In March 2020, we published our initial blog post on how offices around the world were dealing with COVID-19. At the time, we only had data for the first three months of 2020, and in hindsight, our prognosis—much like that of the rest of the world’s—was optimistic.
One year later, we’re taking a fresh look at office occupancy in workplaces around the world. We aggregated workplace data across 24 cities in 15 countries by calculating the average weekly peak utilization. Here’s a look at office occupancy and utilization in the past year.
Weekly peak office utilization in Asia
Of all the countries in Asia we’ve gathered data on, China bounced back the swiftest—into the office at least. Since seeing occupancy drop to nearly 0% in the last week of January 2020, the return to the office has been slow but steady. Already in June of last year, average office occupancy was already over 40%. Most recently, we’ve seen a drop in the number of people in the office, but this can also be partly attributed to the Lunar New Year period, where many employees return to their hometowns to spend the holiday season.
Both Singapore and South Korea have been commended early on for their handling of the pandemic, but the two countries have taken very different approaches. Singapore enacted a stringent set of “circuit breaker” measurements aimed at keeping its denizens home, while South Korea embraced extensive testing and avoided enacting nationwide lockdowns. The office occupancy data, as such, reflect the epidemic control programs of the two countries, with Singapore clearly demonstrating a slow and phased return to work and Seoul seeing volatile fluctuations in office occupancy across 2020.
Although India has recently claimed that it might be the first major economy to successfully implement a herd immunity strategy, we’re yet to see a significant rise in office occupancy. Since the government announced a complete lockdown in late-March of 2020, corporate offices have seen very little usage.
Weekly peak office utilization in Europe
As of March 2021, corporate offices across Europe remain low. In fact, if we had only been analyzing data from the past two weeks, it would probably have seemed that things had hardly changed. However, taking into account data from the entire span of the previous 12 months, we can see the efforts of CRE in trying to bring their workforce back into the office responsibly.
In Germany and Switzerland, the effect of the second COVID-19 in autumn is clearly seen. The average office occupancy of both countries had crossed the halfway mark in the “return to normal” before the second wave and new strains of the virus forced both countries to take a step back again. Since then, utilization remains low, with employees mandated to work from home.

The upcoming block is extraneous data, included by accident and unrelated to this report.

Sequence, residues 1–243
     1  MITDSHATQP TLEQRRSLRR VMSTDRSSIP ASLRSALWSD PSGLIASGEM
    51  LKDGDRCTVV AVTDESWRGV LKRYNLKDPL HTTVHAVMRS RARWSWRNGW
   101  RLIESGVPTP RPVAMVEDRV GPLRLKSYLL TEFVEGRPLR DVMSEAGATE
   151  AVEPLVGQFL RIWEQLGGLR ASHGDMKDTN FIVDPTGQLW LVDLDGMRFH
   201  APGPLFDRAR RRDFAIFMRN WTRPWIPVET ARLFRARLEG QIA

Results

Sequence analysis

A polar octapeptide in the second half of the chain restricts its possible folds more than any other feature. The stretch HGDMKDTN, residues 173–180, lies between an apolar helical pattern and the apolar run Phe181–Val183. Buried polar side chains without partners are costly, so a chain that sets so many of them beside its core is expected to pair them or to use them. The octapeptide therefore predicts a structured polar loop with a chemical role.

Italy and Spain show similar peak occupancy patterns. Lockdowns were imposed in both countries mid-March and restrictions were gradually lifted during summer, although dips in office occupancy are visible whenever a resurgence occurred, such as in October of 2020.
The UK had the lowest average office occupancy in 2020 out of all countries in Europe. Following a stay-at-home order issued in March, office utilization has never peaked past 10%. New lockdown measures brought into effect in November, combined with the discovery of a new virus variant, has kept buildings with no indications of changing soon.
Weekly peak office utilization in Africa, Americas, and Australia
As for the rest of the world, offices remain for the most part empty, with Australia being the notable exception. Due to its geographical distance and isolation, Australia was able to effectively close its borders and carry out successful containment and quarantining measures. As a result, buildings in Australia are much busier compared to the rest of the world.
The American countries—US, Mexico, and Brazil—share an almost identical utilization pattern. Since March 2020, offices have more or less remained closed. Although more traditional sectors such as banking are calling for a return to the physical office, younger and more disruptive institutions have begun introducing permanent remote working setups for staff. It’s safe to say that some companies will never see the same utilization peaks and patterns they were used to prior to the pandemic.
The government of South Africa also announced a national lockdown at the end of March 2020, with a gradual and phased easing of restrictions beginning in May. Office occupancy during the pandemic peaked in the beginning of October, when restrictions were at their lowest. Since then, the country’s second wave of infections has forced the country to tighten restrictions again, forcing staff out of the office once more.
So, what can we expect?
Whereas office occupancy data is used to extract insight from occupant behavior, in this case, we’re taking a retrospective look at offices responding to an external force. So while the data probably won’t be able to indicate exactly what’s to come, it does illustrate the different strategies CRE has taken in an attempt to keep operations running as smoothly as possible.
With the constant uncertainty and need to adapt quick, companies could find booking tools useful in managing the number of people coming into the office on a daily basis. In combination with utilization data, corporations will find it helpful to have both a way to assess occupancy overtime, while also having the means to manage the influx of employees when working from home is no longer required.
* Locatee gathered anonymized workplace occupancy data from a sampling of workplaces across 24 cities in 15 countries. The information and interpretations presented in this article should not be taken as definitive representations of workplace occupancy patterns for entire countries.
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